An Andean man and a woman, depicting Inca's legendary characters Manco Capac and Mama Ocllo, pose for a portrait in a Uros island at Lake Titicaca before a re-enactment in Puno November 5, 2014. The Uros islands are a group of 70 man-made totora reed islands floating on the lake, which according to Peru's tourism board iPeru is the world's highest navigable lake at over 4,000 meters above sea level. The Uros people fish and hunt, but tourism is their main source of livelihood. (Photo by Enrique Castro-Mendivil/Reuters)
Just a few hours’ drive from the Belarus capital of Minsk, many villagers still live off the land. Nearly 80% of the country’s 9.5 million citizens live in urban areas, but for the rest, being close to nature can outweigh the hardships of country life. Here: Boys play in the Stviga River on a hot summer day near the village of Pogost, Belarus, August 16, 2017. (Photo by Vasily Fedosenko/Reuters)
In this photo taken on Sunday, July 5, 2015, police officers walk along a giant poster to give an improved appearance, in downtown Ufa, Russia. Ufa will host SOC (Shanghai Cooperation Organization) and BRICS (Brazil, Russia, India, China and South Africa) summits July 7 to July 9, 2015. (Photo by Vadim Braydov/AP Photo)
This picture taken on May 23, 2017 shows visitors posing for photos along a path at an Indonesian hamlet dubbed “the rainbow village” in Semarang, central Java, that has become an internet sensation and attracting hordes of visitors. (Photo by Suryo Wibowo/AFP Photo)
Tsukimi Ayano steps out of her house in the village of Nagoro on Shikoku Island in southern Japan February 24, 2015. Tsukimi Ayano made her first scarecrow 13 years ago to frighten off birds pecking at seeds in her garden. The life-sized straw doll resembled her father, so she made more. Today, the tiny village of Nagoro in southern Japan is teeming with Ayano's hand-sewn creations, frozen in time for a tableau that captures the motions of everyday life. (Photo by Thomas Peter/Reuters)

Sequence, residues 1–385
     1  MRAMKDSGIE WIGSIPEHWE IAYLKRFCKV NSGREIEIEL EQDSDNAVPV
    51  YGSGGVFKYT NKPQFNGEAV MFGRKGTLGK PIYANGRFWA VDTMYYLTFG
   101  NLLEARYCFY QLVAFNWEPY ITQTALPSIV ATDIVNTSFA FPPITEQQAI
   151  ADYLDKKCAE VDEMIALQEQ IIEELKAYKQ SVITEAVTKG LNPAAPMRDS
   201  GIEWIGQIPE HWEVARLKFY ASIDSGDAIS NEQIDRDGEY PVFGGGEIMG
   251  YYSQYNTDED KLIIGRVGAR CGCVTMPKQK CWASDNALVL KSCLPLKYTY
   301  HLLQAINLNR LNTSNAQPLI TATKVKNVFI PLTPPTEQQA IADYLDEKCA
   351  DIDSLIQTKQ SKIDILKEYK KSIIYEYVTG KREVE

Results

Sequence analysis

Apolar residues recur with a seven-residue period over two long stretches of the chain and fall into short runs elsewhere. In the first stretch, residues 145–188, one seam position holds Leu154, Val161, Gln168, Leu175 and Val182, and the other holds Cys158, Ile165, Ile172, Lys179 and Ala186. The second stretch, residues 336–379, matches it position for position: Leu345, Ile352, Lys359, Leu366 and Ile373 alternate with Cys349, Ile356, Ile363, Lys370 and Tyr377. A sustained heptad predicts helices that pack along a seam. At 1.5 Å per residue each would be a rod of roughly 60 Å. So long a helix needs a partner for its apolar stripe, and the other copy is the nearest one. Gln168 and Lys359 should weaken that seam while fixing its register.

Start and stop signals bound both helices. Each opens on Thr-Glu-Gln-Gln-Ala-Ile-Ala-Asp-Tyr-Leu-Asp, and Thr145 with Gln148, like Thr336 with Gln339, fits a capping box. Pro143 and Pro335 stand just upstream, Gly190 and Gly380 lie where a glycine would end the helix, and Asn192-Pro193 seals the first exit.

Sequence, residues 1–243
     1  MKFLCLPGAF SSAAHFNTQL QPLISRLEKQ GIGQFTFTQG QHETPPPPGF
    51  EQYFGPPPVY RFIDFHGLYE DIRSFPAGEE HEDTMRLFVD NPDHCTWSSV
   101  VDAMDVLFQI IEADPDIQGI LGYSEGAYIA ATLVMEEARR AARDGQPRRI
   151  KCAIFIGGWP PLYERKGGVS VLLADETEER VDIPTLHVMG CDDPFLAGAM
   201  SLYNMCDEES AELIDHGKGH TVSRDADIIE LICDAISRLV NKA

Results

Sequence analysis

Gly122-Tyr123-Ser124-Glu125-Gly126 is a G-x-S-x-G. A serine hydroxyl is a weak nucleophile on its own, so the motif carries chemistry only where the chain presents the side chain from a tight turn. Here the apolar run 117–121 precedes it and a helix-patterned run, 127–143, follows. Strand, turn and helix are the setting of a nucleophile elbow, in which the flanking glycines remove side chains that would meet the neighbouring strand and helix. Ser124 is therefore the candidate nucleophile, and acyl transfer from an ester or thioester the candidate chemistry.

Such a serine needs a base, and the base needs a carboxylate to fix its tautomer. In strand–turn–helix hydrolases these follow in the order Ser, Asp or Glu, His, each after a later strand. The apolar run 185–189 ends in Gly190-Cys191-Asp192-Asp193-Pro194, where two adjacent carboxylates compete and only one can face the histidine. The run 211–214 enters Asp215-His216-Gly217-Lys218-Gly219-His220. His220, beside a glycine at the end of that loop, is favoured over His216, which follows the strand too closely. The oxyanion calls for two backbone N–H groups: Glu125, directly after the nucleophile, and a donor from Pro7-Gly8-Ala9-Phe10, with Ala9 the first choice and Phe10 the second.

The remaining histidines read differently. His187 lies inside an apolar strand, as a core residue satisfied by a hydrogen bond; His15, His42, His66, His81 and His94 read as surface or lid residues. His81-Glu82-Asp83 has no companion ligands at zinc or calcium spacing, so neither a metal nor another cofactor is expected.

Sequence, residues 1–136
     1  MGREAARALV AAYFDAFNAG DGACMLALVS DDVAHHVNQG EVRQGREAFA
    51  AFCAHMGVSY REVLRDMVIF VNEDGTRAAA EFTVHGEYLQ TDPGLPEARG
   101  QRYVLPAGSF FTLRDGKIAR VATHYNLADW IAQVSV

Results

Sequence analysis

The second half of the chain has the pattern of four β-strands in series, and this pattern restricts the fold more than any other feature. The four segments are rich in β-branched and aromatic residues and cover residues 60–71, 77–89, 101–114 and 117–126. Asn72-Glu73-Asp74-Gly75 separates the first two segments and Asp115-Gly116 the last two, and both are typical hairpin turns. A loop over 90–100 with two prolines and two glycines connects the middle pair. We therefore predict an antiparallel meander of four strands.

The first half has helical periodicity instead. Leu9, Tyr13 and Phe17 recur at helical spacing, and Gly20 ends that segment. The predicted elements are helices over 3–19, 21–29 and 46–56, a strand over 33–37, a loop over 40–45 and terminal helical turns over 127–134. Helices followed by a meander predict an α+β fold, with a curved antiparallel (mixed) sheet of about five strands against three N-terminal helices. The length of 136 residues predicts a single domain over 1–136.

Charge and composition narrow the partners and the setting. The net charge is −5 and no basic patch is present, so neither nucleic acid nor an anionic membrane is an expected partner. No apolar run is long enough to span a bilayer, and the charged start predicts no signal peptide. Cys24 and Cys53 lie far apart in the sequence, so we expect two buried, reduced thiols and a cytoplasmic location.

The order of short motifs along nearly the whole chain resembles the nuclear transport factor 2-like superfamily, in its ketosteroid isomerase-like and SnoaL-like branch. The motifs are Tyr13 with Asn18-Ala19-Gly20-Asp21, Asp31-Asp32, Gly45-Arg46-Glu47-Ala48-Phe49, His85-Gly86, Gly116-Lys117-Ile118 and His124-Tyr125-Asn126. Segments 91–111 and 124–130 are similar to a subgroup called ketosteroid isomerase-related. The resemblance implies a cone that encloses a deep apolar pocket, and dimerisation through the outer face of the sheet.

This cable ropeway suspended between cliffs is the only access to Yushan village in Hubei Province, Chin, which has a population of just over 200 people. The ropeway was built in 1997; before that villagers faced a walk of several days to get to the next nearest village. The ropeway, which is powered by a diesel engine, is 1,000 metres long and 400 metres above the valley floor.
An ethnic Kayaw couple Mu Htoo and her husband Htaw Eili rest at their home at Htaykho village in the Kayah state, Myanmar September 12, 2015. With about 30,000 members, the Kayaw are one of the smallest ethnic minorities among Myanmar's 135 groups. Their village has for decades been off-limits, as armed rebels fought the military before a recent ceasefire stopped the bloody conflict here. The rebels in the area have put down their guns and taken to the hills to grow rice and corn, but slash-and-burn cultivation methods mean they struggle to find new places to farm. (Photo by Soe Zeya Tun/Reuters)